References

 

Gander, F., Proyer, R. T., Ruch, W., & Wyss, T. (2012). Strength-based positive interventions: Further evidence for their potential in enhancing well-being. Journal of Happiness Studies.

Harzer, C., & Ruch, W. (2012a): When the job is a calling: The role of applying one's signature strengths at work. Journal of Positive Psychology.

Harzer, C., & Ruch, W. (2012b). The application of signature character strengths and positive experiences at work. Journal of Happiness Studies.

Huta, V., & Hawley, L. (2010). Psychological strengths and cognitive vulnerabilities: Are they two ends of the same continuum or do they have independent relationships with well-being and ill-being? Journal of Happiness Studies, 11, 71–93.

Linley, P. A., Nielsen, K. M., Gillett, R., & Biswas-Diener, R. (2010). Using signature strengths in pursuit of goals: Effects on goal progress, need satisfaction, and well-being, and implications for coaching psychologists. International Coaching Psychology Review, 5(1), 6–15.

Littman-Ovadia, H., & Davidovitch, N. (2010). Effects of congruence and character-strength deployment on work adjustment and well-being. International Journal of Business and Social Science, 1(3), 138-146.

Littman-Ovadia, H., & Steger, M. (2010). Character strengths and well-being among volunteers and employees: Toward an integrative model. Journal of Positive Psychology, 5(6), 419-430.

Lounsbury, J. W., Fisher, L. A., Levy, J. J., & Welsh, D. P. (2009). An investigation of character strengths in relation to the academic success of college students. Individual Differences Research, 7(1), 52-69.

Madden, W., Green, S., & Grant, A. M. (2011). A pilot study evaluating strengths-based coaching for primary school students: Enhancing engagement and hope. International Coaching Psychology Review, 6(1), 71-83.

Mitchell, J., Stanimirovic, R., Klein, B., & Vella-Brodrick, D. (2009). A randomised controlled trial of a self-guided internet intervention promoting well-being. Computers in Human Behavior, 25, 749–760.

Mongrain, M., & Anselmo-Matthews, T. (2012). Do positive psychology exercises work? A replication of Seligman et al. Journal of Clinical Psychology, 68(4).

Niemiec, R. M. (2012). Mindful living: Character strengths interventions as pathways for the five mindfulness trainings. International Journal of Wellbeing, 2(1), 22-33.

Niemiec, R. M. (2013). VIA character strengths: Research and practice (The first 10 years). In H. H. Knoop & A. Delle Fave (Eds.), Well-being and cultures: Perspectives on positive psychology (pp. 11-30). New York: Springer.

Park, N., & Peterson, C. (2008). Positive psychology and character strengths: Application to strengths-based school counseling. Professional School Counseling, 12(2), 85-92.

Park, N., & Peterson, C. (2009). Character strengths: Research and practice. Journal of College and Character, 10(4), np.

Park, N., Peterson, C., & Seligman, M. E. P. (2004). Strengths of character and well-being. Journal of Social & Clinical Psychology, 23, 603–619.

Park, N., Peterson, C., & Seligman, M. E. P. (2006). Character strengths in fifty-four nations and the fifty US states. Journal of Positive Psychology, 1(3), 118-129.

Peterson, C., Park, N., & Seligman, M. E. P. (2006). Greater strengths of character and recovery from illness. The Journal of Positive Psychology, 1(1), 17–26.

Peterson, C., Ruch, W., Beermann, U., Park, N., & Seligman, M. E. P. (2007). Strengths of character, orientations to happiness, and life satisfaction. The Journal of Positive Psychology, 2, 149–156.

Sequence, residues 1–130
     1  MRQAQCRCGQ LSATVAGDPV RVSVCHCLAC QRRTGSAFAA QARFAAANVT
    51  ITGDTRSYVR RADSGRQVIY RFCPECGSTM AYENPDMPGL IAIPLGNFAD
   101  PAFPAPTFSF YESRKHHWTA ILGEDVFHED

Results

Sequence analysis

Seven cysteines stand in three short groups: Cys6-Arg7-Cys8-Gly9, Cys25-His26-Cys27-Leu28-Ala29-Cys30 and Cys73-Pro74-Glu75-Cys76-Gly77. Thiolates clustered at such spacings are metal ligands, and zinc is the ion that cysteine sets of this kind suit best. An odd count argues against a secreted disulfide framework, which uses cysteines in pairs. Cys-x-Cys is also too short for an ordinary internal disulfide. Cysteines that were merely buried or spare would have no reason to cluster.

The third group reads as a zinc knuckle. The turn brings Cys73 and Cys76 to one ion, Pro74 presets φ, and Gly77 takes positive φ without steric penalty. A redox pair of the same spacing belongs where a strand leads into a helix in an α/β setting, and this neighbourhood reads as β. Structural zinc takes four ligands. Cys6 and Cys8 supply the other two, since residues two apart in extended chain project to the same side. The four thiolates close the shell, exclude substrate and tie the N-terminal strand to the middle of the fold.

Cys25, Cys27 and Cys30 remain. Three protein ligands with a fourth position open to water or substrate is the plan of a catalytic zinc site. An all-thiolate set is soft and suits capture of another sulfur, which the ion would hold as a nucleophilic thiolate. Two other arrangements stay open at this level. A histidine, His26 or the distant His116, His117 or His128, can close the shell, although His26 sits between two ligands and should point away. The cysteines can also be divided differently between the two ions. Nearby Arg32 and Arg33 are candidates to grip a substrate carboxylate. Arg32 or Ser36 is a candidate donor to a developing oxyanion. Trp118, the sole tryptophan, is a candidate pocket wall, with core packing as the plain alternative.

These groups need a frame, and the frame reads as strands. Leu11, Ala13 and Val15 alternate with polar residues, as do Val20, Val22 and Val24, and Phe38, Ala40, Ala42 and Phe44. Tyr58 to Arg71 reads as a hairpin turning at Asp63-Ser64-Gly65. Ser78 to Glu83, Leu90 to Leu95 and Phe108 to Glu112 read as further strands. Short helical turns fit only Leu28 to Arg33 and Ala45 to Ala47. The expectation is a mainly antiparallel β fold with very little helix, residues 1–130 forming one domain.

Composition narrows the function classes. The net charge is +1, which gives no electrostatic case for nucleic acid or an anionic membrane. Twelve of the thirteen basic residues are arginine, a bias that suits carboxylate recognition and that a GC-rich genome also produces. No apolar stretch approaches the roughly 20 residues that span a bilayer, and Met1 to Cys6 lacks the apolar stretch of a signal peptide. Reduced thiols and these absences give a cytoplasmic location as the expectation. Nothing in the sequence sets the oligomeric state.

Peterson, C., & Seligman, M. E. P. (2004). Character strengths and virtues: A handbook and classification. New York, NY: Oxford University Press and Washington, DC: American Psychological Association.

Peterson, T. D., & Peterson, E. W. (2009). Stemming the tide of law student depression: What law schools need to learn from the science of positive psychology. Yale Journal of Health Policy, Law, and Ethics, 9(2), 358–359.

Proctor, C., Maltby, J., & Linley, P. A. (2009) Strengths use as a predictor of well-being and health-related quality of life. Journal of Happiness Studies, 10, 583-630.

Proctor, C., Tsukayama, E., Wood, A., M., Maltby, J., Fox Eades, J., & Linley, P. A. (2011). Strengths gym: The impact of a character strengths-based intervention on the life satisfaction and well-being of adolescents. Journal of Positive Psychology, 6(5), 377-388.

Proyer, R. T., & Ruch, W. (2011). The virtuousness of adult playfulness: The relation of playfulness with strengths of character. Psychology of Well-Being: Theory, Research and Practice, 1(4).

Proyer, R. T., Ruch, W., & Buschor, C. (2012). Testing strengths-based interventions: A preliminary study on the effectiveness of a program targeting curiosity, gratitude, hope, humor, and zest for enhancing life satisfaction. Journal of Happiness Studies.

Ruch, W., Huber, A., Beermann, U., & Proyer, R. T. (2007). Character strengths as predictors of the "good life" in Austria, Germany and Switzerland. In Romanian Academy, "George Barit" Institute of History, Department of Social Research (Ed.), Studies and researches in social sciences (Vol. 16). Cluj-Napoca, Romania: Argonaut Press, 123-131.

Rust, T., Diessner, R., & Reade, L. (2009). Strengths only or strengths and relative weaknesses? A preliminary study. Journal of Psychology, 143(5), 465-476.

Seligman, M. E. P., Steen, T. A., Park, N., & Peterson, C. (2005). Positive psychology progress: Empirical validation of interventions. American Psychologist, 60, 410–421.

Shimai, S., Otake, K., Park, N., Peterson, C., & Seligman, M. E. P. (2006). Convergence of character strengths in American and Japanese young adults. Journal of Happiness Studies, 7, 311–322.

Wood, A. M., Linley, P. A., Matlby, J., Kashdan, T. B., & Hurling, R. (2011). Using personal and psychological strengths leads to increases in well-being over time: A longitudinal study and the development of the strengths use questionnaire. Personality and Individual Differences, 50, 15-19.

Ryan Niemiec
 
Ryan M. Niemiec, Psy.D.
Licensed Psychologist
Education Director
VIA Institute on Character